June 15, 2010 — A clinical study using probiotic mixture containing L. acidophilus DDS-1 and B. lactis UABLA-12 demonstrated significant clinical improvement in preschool children with atopic dermatitis (AD).
A clinical study to determine the impact of a mixture of L. acidophilus DDS-1 and B. lactis UABLA-12 on 90 preschool children (ages 1-3 years) with moderate to severe AD vs. a placebo demonstrated a 33.7 percent decrease in SCORAD (scoring of atopic dermatitis) versus 19.4 percent in the placebo group.
Other outcome measures included IDQOL (infant dermatitis quality of life 33 percent increase in probiotic group vs. 19 percent in placebo) and DFI (dermatitis family impact 34.4 percent in probiotic group vs. 23.8 percent in placebo).
This paper will be presented at the New York Academy of Sciences symposium, Probiotics: From Bench to Market, on June 11, 2010. The conference is designed to bring together scientists from industry, academia and government to discuss the emerging science of mechanisms behind the possible benefits of probiotic microorganisms in promoting human health and combating disease.
The study on probiotic supplementation on preschool children with AD was conducted by Dr. SV Gerasimov, MD, PhD from the Department of Pediatrics, Lviv National Medical University, Lviv, Ukraine. AD is a common inflammatory skin disorder that affects 15.6 percent of the population in Europe and 17.2 percent and is steadily increasing in frequency. The disease often occurs in early childhood and persists into adult life (over 60 percent of patients).
Current treatments include skin hydration, emollients, avoidance of allergens and irritants, use of antihistamines or topical corticosteroids. These treatments may alleviate symptoms but are often ineffective. The therapeutic use of probiotics has attracted considerable attention after publication of the hygiene hypothesis (Strachan DP. Hay fever, hygiene and household size. BMJ 1989;299:1259-60.)
Several clinical studies have demonstrated mild to complete resolution of AD following treatment with probiotics while others have suggested the effect is limited to select children with atopy.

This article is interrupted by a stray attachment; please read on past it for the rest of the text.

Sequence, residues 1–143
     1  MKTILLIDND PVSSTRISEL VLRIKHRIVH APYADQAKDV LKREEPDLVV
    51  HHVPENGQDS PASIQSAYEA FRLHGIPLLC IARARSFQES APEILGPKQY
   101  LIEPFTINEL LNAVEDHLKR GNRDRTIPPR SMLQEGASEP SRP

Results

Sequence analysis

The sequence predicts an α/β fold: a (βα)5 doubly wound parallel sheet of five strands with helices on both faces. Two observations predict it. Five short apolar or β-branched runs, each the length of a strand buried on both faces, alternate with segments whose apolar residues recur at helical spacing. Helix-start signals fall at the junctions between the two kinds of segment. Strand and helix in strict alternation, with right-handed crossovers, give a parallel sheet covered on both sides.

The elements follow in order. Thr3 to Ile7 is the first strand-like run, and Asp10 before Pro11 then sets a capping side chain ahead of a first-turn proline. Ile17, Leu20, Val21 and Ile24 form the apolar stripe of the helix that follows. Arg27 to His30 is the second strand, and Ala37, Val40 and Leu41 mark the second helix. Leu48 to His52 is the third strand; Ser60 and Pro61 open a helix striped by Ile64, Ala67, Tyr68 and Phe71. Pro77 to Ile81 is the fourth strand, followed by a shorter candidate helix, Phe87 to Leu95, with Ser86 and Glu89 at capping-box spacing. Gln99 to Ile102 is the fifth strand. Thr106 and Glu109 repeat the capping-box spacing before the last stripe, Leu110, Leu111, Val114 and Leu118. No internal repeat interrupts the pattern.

This study was designed to determine the clinical efficacy of a new probiotic preparation and to determine the impact on peripheral lymphocytes.
The study involved 90 preschool children randomly divided into two groups to receive either the probiotic or the placebo. Parents administered the doses twice per day to provide a total of 10 billion CFU/gram of a combination of Lactobacillus acidophilus DDS-1 and Bifidobacterium lactis UABLA-12 with FOS. The primary outcome measure was percent change in SCORAD index at week 8.
Secondary outcomes were changes in IDQOL, DFI at weeks 2, 4, 8, frequency and amount of topical corticosterioid used and absolute number and percent of peripheral blood lymphocyte subsets at week 8. Patients displayed a progressive decline in SCORAD indexes reaching significant difference at week 4 in both groups. However children receiving probiotics experienced a more rapid decline (summarized in table)
Decrease in SCORAD
Decrease in SCORAD
Decrease in SCORAD
Patients with active AD had a reduced percentage of CD3 and CD8 peripheral lymphocytes and increased CD4 and CD25 counts. Hypothetically, the recovery from AD due to use of probiotics may be accompanied by normalization of CD3, CD4, CD8 and CD25 numbers. The study showed a correlation between reduction in CD4 and CD25 percent/absolute number and SCORAD values at week 8 in the probiotic group.
The use of a probiotic mixture containing L. acidophilus DDS-1, B. lactis UABLA-12 and fructooligosaccharide was associated with significant clinical improvement in children with AD, and corresponding lymphocyte subset changes in peripheral blood. The efficacy of probiotic therapy in adults with AD will need more investigation.
Source: UAS Laboratories, www.uaslabs.com